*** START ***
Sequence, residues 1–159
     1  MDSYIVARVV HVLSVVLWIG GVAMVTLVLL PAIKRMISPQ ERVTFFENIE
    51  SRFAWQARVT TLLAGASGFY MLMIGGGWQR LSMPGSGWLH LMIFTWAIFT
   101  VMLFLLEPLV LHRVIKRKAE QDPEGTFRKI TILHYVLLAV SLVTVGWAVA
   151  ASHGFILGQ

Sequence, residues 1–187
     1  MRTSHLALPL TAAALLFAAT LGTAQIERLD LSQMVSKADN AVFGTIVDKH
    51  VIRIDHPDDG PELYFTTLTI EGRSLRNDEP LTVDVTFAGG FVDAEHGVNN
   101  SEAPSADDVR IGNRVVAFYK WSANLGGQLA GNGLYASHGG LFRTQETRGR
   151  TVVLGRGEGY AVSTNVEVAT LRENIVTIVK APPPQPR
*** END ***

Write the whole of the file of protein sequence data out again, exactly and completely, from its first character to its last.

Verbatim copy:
Sequence, residues 1–159
     1  MDSYIVARVV HVLSVVLWIG GVAMVTLVLL PAIKRMISPQ ERVTFFENIE
    51  SRFAWQARVT TLLAGASGFY MLMIGGGWQR LSMPGSGWLH LMIFTWAIFT
   101  VMLFLLEPLV LHRVIKRKAE QDPEGTFRKI TILHYVLLAV SLVTVGWAVA
   151  ASHGFILGQ

Sequence, residues 1–187
     1  MRTSHLALPL TAAALLFAAT LGTAQIERLD LSQMVSKADN AVFGTIVDKH
    51  VIRIDHPDDG PELYFTTLTI EGRSLRNDEP LTVDVTFAGG FVDAEHGVNN
   101  SEAPSADDVR IGNRVVAFYK WSANLGGQLA GNGLYASHGG LFRTQETRGR
   151  TVVLGRGEGY AVSTNVEVAT LRENIVTIVK APPPQPR